Elder wasn’t the only one opposed to reparations at the recent hearing.
Utah Rep. Burgess Owens, a Black man, a descendant of slaves and a former NFL safety, has blasted the push to create a reparations commission.
“Reparations are not the way to right our country’s wrong,” the conservative Republican Owens said during the hearing Wednesday. Owens is a panel member for the House Judiciary Subcommittee on the Constitution, Civil Rights, and Civil Liberties.
“It is impractical and a nonstarter for the United States government to pay reparations,” Owens said. “It is also unfair and heartless to give Black Americans the hope that this is a reality.”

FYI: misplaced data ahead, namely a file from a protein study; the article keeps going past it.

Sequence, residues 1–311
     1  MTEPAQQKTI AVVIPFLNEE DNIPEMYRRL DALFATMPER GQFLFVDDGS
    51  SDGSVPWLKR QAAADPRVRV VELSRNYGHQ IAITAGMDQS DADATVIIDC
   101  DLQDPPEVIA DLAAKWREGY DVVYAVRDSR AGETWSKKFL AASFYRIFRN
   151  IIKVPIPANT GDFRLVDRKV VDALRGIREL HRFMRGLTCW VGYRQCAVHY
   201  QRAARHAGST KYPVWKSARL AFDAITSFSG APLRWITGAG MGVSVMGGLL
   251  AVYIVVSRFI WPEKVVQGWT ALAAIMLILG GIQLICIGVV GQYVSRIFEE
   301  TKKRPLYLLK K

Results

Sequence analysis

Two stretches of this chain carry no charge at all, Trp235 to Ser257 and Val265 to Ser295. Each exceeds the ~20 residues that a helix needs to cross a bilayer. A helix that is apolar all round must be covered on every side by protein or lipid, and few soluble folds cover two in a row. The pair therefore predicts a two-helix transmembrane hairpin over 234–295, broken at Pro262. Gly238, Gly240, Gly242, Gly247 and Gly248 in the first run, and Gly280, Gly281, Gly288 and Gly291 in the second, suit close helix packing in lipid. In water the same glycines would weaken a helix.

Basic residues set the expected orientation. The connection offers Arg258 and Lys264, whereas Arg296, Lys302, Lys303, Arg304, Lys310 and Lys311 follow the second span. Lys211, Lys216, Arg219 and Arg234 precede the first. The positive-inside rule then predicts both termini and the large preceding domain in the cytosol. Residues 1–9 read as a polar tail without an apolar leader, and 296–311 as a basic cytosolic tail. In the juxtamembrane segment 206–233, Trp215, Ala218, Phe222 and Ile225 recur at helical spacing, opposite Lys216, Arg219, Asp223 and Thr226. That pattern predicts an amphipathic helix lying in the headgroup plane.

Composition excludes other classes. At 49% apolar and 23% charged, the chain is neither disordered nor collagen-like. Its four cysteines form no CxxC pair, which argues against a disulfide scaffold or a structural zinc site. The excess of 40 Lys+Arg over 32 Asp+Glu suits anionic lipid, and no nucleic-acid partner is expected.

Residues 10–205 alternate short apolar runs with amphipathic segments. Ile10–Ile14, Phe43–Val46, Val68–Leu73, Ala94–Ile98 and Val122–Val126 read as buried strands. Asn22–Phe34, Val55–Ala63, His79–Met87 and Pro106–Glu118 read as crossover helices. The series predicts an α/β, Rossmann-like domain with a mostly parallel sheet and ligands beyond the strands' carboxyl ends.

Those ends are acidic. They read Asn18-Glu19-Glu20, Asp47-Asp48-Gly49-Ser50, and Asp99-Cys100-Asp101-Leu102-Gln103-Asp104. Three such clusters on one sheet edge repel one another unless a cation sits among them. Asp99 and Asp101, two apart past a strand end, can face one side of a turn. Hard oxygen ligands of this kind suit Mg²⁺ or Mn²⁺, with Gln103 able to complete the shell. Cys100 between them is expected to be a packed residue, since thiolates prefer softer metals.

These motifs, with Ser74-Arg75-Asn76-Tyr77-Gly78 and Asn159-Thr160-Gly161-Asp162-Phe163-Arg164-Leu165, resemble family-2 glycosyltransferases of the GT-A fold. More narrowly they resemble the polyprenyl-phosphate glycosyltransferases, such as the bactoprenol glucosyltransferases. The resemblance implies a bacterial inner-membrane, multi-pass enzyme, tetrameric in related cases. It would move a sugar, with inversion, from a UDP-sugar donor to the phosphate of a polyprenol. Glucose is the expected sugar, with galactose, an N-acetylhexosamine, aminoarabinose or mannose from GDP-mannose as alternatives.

Reparations tend to portray Blacks as somehow inferior and in need of extra assistance, Owens added.
“The reality is that Black American history is not one of a hapless, hopeless race oppressed by a more powerful white race,” he said. Instead, it is “a history of millions of middle and wealthy class Black Americans throughout the early 20th century achieving the American dream.”
According to Owens, the U.S. is making progress on the racial divide, and reparations are not needed, The Salt Lake Tribune reported.
“I entered the NFL in 1973 at a time there were no Black quarterbacks, Black centers or Black middle linebackers,” Owens said. “They were ‘white thinking men positions.’ Forty years later, our nation has elected a Black American as president and a Black female as vice president. It’s called progress.”